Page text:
NIOSH is seeking a one-year approval from OMB to conduct three surveys of U.S. land-based OGE workers who drive light-duty vehicles. The surveys will provide detailed information about determinants of fatigued driving and perceptions of fatigue monitoring devices among OGE workers, not available elsewhere. The study will take place among OGE field operations in collaboration with NIOSH industry partners who will provide access to their vehicles and data from trip records and accelerometers and allow installation of 2 fatigue-detection devices in their vehicles as intervention strategies.
Information gathered from this study will be used to identify evidence-based best practices in fatigue risk management, and highlight improvements that may be targeted to improve OGE worker safety. The surveys will be administered online or with hard copies to a sample of 45 workers. We estimate that 90% of workers (40) will complete the three surveys electronically and the others will opt to complete a hard copy version. The main questionnaire will take approximately 15 minutes to complete. The post-intervention survey will take approximately five minutes to complete, and the end of shift survey will take two minutes to complete.
The total estimated burden hours is 27. There are no costs to respondents other than their time.
Estimated Annualized Burden Hours
|Type of respondent||Form name||Number of respondents||Number of responses
respondent||Average burden per
(in hours)||Total burden (in hours)|
|Oil and Gas Extraction Workers who drive light-duty trucks||Determinants of fatigued driving and perceptions of fatigue monitors (Tablet Version)||40||1||15/60||10|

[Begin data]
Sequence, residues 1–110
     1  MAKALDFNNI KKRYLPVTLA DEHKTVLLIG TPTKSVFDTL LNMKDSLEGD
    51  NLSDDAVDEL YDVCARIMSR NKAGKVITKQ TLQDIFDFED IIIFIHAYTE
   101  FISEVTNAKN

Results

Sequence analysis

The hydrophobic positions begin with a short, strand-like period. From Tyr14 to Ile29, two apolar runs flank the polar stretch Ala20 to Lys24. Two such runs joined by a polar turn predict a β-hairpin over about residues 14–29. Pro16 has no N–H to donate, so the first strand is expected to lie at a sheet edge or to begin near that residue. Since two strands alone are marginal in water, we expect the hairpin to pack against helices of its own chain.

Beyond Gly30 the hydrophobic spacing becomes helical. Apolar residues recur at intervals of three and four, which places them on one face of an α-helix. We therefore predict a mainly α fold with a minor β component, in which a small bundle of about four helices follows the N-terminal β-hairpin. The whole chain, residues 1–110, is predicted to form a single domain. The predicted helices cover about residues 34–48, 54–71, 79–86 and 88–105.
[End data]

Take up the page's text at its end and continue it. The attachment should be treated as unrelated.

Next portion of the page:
|Oil and Gas Extraction Workers who drive light-duty trucks||Determinants of fatigued driving and perceptions of fatigue monitors (Hardcopy)||5||1||15/60||2|
|Oil and Gas Extraction Workers who drive light-duty trucks||End of shift survey (Tablet Version)||40||6||2/60||8|
|Oil and Gas Extraction Workers who drive light-duty trucks||End of shift survey (Hardcopy)||5||6||2/60||1|
|Oil and Gas Extraction Workers who drive light-duty trucks||Post-intervention survey (Tablet Version)||40||1||5/60||5|
|Oil and Gas Extraction Workers who drive light-duty trucks||Post-intervention survey (Hardcopy)||5||1||5/60||1|
|Oil and Gas Extraction Workers who drive light-duty trucks||Non-response survey||1||1||3/60||1|
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Leroy A. Richardson,
Chief, Information Collection Review Office, Office of Scientific Integrity, Office of the Associate Director for Science, Office of the Director, Centers for Disease Control and Prevention.
[FR Doc. 2018-01380 Filed 1-25-18; 8:45 am]
BILLING CODE 4163-18-P